Born and raised in Philadelphia, naturalist Titian Ramsey Peale II (1799-1885) traveled to the Magdalena River in New Granada in the fall of 1830 on an enigmatic expedition. Through archival findings, some of this mysterious journey has been unveiled, parts of it remain obscure. Peale´s voyage took place in the context of a very convulsive decade in the newly established Republic of Colombia at the beginning of the century. As a naturalist, Peale´s interests in both collecting and drawing interlaced with political and economic issues, Simón Bolivar, who had recently died when Peale arrived in South America, was closely related to Peale´s financial patron for this expedition.
During this lecture, we will follow Peale from Philadelphia, down the Magdalena River and to the outskirts of Bogotá. This tour will include a brief background of the political and artistic context of the New Granada and will emphasize the importance and relevance of voyages like this in the intersections of art in science between Europe, North America, Latin America and Colombia.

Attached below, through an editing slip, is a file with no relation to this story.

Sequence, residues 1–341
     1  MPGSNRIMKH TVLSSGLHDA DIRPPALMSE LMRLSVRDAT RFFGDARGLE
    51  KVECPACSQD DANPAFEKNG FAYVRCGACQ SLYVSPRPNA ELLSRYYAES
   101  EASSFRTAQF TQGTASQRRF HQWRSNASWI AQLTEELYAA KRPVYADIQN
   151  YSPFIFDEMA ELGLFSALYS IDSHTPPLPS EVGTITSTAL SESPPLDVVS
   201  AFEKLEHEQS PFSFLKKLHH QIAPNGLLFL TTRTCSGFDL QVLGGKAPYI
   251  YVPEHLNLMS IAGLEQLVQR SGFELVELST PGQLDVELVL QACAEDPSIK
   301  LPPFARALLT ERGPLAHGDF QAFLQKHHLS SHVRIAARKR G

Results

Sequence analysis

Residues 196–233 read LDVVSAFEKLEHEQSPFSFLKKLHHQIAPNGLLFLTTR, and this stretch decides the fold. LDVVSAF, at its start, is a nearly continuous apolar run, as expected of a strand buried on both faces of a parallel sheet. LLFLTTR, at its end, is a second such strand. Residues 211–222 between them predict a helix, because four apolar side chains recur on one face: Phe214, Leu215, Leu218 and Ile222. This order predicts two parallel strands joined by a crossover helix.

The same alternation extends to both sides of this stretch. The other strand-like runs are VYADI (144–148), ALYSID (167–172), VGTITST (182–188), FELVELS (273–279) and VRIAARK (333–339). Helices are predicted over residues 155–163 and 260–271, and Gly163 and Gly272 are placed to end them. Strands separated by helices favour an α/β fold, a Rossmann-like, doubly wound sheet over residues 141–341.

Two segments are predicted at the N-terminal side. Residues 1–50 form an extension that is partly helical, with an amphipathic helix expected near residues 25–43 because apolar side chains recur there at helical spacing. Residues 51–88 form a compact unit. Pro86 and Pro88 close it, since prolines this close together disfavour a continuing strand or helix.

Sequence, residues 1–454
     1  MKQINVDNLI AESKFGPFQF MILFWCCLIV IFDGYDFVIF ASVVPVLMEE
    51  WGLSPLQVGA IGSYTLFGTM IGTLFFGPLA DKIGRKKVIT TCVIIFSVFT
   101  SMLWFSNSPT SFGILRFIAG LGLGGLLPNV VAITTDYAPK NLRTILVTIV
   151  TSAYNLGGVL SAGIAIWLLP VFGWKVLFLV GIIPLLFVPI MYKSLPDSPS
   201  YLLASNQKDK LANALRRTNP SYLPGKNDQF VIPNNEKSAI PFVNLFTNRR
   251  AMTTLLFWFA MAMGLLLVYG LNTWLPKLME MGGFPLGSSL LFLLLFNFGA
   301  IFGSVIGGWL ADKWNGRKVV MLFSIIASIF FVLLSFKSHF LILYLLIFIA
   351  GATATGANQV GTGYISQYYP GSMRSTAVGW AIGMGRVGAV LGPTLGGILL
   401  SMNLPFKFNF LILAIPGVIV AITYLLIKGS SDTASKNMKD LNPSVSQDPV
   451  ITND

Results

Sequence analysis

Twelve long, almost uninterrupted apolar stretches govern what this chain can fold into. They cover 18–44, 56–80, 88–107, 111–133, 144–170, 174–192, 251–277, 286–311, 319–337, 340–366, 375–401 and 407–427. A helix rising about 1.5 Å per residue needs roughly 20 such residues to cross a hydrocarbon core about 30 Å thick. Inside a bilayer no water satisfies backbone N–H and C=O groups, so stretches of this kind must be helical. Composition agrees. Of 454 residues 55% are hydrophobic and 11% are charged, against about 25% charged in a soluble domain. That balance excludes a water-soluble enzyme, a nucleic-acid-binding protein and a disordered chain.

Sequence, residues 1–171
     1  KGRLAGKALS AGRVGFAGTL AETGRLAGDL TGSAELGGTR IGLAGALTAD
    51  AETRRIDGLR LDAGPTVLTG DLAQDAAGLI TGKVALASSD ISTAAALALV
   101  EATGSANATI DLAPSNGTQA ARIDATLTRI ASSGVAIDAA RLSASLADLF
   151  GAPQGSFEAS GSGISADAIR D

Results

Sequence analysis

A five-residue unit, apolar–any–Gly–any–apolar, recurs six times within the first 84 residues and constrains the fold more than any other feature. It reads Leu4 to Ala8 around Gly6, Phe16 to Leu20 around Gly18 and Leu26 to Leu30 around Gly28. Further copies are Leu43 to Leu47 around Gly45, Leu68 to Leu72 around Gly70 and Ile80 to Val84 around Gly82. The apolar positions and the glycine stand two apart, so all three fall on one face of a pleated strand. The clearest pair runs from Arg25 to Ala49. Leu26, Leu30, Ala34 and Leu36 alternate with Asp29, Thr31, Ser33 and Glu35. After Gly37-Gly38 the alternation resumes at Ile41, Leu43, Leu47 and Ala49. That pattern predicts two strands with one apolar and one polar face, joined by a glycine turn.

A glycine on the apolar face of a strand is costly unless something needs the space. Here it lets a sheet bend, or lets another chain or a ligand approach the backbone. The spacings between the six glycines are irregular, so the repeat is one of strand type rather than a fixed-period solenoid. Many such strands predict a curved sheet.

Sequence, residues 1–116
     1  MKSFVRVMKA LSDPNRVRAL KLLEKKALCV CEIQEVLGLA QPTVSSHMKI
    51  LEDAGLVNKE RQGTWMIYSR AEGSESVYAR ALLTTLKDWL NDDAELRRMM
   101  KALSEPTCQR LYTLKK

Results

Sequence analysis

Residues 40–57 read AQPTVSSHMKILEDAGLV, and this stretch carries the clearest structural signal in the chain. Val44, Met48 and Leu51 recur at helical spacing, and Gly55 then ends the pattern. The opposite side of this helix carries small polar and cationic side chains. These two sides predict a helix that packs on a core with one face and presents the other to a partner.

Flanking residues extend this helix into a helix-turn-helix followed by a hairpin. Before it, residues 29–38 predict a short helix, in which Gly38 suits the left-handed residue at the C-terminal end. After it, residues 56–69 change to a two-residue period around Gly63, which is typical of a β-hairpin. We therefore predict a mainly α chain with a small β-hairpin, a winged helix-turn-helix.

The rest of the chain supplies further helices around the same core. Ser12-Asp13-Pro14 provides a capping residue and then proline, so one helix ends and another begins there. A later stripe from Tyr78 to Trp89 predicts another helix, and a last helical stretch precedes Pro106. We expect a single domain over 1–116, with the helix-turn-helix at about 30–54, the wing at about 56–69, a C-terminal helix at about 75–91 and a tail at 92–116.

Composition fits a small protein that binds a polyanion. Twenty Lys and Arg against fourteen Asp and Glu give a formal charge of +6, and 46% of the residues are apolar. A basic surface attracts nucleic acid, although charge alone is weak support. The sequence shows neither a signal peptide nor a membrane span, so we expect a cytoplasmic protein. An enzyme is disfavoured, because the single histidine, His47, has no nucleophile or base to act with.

About the speaker:
Verónica Uribe has a BFA (2000), and an MFA (2001) from the Australian National University and a PhD in Humanities from the Universidad Pompeu Fabra of Barcelona (2009). She is an Associate Professor in Art History at the Universidad de Los Andes in Bogotá, Colombia and currently chairs the Art History Department in the same University (2017-2021).
She has published three books in Spanish on sketchbooks, travelling painters and representations of bridges in nineteenth-century Colombia.